Robert Reich: Felon Trump – OpEd


This is unlike the indictment secured by Manhattan District Attorney Alvin Bragg, accusing Trump of violating New York law on falsifying corporate records when he sought to buy the silence of adult-film star Stormy Daniels. 

And it’s unlike the pending indictment from Fulton County (Georgia) District Attorney Fani Willis, going to the heart of Trump’s efforts to overturn the results of the 2020 election. 

The indictment announced Thursday night (by Trump himself) is coming from the Justice Department — from the same federal government that Trump led and wants to lead again. 

The indictment asserts that the former president is a felon. The charges include willful retention of national defense secrets, obstruction of justice, false statements and conspiracy — all of which carry the potential for years in prison if he is found guilty. 

Trump will appear in federal court in Miami for an arraignment on Tuesday.

Trump and his defenders — and there will be many (such as nearly every lawmaker in the Republican Party) — will argue that Joe Biden and Mike Pence did the same as Trump did, and yet only Trump is being subject to a Justice Department indictment. 

Rubbish. Biden and Pence sought to cooperate with authorities; Trump tried to thwart them. 

Biden and Pence came forward to volunteer that they had found classified documents among their private possessions. Trump appears to have done everything possible to hold on to the classified documents — denying he had them, hiding them from public officials charged with retrieving them, and then, after a subpoena was served on him to produce them, secretly moving them from a Mar-a-Lago storage area.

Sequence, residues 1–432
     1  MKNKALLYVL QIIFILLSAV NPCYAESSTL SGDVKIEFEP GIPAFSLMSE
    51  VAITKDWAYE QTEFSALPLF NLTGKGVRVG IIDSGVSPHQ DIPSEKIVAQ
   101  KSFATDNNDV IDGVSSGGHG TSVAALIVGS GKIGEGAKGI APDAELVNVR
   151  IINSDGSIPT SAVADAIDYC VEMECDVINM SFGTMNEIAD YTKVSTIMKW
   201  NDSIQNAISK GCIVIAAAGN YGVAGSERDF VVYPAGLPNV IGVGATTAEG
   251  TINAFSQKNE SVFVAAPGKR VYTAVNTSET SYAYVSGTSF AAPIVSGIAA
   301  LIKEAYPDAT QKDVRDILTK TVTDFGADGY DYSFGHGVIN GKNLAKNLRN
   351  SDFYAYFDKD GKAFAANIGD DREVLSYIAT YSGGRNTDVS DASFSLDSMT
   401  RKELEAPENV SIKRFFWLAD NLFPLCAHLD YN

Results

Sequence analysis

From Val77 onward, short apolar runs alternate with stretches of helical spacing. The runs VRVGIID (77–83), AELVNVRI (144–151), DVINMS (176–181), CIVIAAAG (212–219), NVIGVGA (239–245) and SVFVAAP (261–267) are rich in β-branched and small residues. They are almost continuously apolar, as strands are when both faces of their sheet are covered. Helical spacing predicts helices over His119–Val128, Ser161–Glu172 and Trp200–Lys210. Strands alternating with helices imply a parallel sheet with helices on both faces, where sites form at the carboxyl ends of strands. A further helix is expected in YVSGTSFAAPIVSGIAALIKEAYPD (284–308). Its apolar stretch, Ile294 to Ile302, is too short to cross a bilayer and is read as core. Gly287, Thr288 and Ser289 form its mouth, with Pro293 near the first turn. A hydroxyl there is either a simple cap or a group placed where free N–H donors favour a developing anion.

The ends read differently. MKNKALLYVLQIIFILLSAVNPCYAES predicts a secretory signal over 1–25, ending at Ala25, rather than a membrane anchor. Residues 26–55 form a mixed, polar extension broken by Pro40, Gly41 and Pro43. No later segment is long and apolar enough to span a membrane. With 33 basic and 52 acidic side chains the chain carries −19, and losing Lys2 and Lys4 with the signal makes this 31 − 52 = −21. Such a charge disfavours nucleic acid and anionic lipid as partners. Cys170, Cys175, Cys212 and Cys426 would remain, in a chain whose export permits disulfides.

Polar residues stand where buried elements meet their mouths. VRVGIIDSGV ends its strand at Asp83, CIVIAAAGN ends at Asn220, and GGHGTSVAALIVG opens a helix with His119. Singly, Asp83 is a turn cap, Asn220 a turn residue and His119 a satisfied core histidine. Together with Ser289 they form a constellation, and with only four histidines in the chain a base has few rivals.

If you believe in the rule of law, and if the evidence shows that Trump willfully violated the law (as we must assume, given that a grand jury has chosen to indict him), then he must be tried by a jury, and, if found guilty, bear the responsibility. 

The problem is that many people in our sharply polarized and increasingly distrustful society will not see the difference between what Biden did and what Trump is accused of having done. 

Instead, they will see a Justice Department that’s part of the Biden Administration. And they will see that Trump is the leading Republican candidate to take on Joe Biden in 2024. To them, this won’t look like an application of the rule of law. It will look like an abuse of power. 

Part of me wishes that instead of the first indictments against Trump being for paying hush money to an adult-film star and taking classified documents, he was indicted for seditious conspiracy against the United States. 

This would at least clarify the underlying issue — that the former president is an outlaw who has repeatedly violated his oath to uphold the Constitution, a dangerous criminal who should never have been elected president and must under no circumstances be re-elected. 

But we are where we are. Trump will likely get a boost in Republican polls from this indictment as he did from the Bragg indictment, as his supporters conclude he’s being treated unfairly. Fox News, Newsmax, and other authoritarian outlets will emit a poisonous mixture of Biden-hating paranoia and “deep state” conspiracies — the same noxious concoction they’ve delivered since Trump lost the 2020 election. 

The stress test of American democracy and the rule of law will continue.

Robert Reich

Robert B. Reich is Chancellor's Professor of Public Policy at the University of California at Berkeley and Senior Fellow at the Blum Center for Developing Economies, and writes at Reich served as Secretary of Labor in the Clinton administration, for which Time Magazine named him one of the ten most effective cabinet secretaries of the twentieth century. He has written fifteen books, including the best sellers "Aftershock", "The Work of Nations," and"Beyond Outrage," and, his most recent, "The Common Good," which is available in bookstores now. He is also a founding editor of the American Prospect magazine, chairman of Common Cause, a member of the American Academy of Arts and Sciences, and co-creator of the award-winning documentary, "Inequality For All." He's co-creator of the Netflix original documentary "Saving Capitalism," which is streaming now.

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